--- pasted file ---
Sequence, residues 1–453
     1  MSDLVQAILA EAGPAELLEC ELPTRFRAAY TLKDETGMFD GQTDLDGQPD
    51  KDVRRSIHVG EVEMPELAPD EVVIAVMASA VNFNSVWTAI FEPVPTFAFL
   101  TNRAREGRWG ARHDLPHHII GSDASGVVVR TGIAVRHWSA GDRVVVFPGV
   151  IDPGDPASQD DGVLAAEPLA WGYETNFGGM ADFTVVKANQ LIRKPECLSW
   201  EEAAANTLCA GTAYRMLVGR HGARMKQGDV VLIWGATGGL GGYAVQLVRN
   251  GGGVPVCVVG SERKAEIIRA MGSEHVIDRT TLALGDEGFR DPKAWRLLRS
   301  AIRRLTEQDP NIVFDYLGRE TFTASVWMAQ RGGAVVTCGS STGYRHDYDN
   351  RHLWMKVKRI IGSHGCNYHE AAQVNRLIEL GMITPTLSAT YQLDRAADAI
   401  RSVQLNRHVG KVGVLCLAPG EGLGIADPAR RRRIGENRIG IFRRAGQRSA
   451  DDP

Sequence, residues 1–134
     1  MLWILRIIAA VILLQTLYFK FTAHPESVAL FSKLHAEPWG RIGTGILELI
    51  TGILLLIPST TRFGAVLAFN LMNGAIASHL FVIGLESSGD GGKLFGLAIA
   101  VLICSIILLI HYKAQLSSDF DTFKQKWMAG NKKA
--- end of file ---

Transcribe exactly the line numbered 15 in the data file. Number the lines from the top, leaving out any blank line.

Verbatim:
   101  VLICSIILLI HYKAQLSSDF DTFKQKWMAG NKKA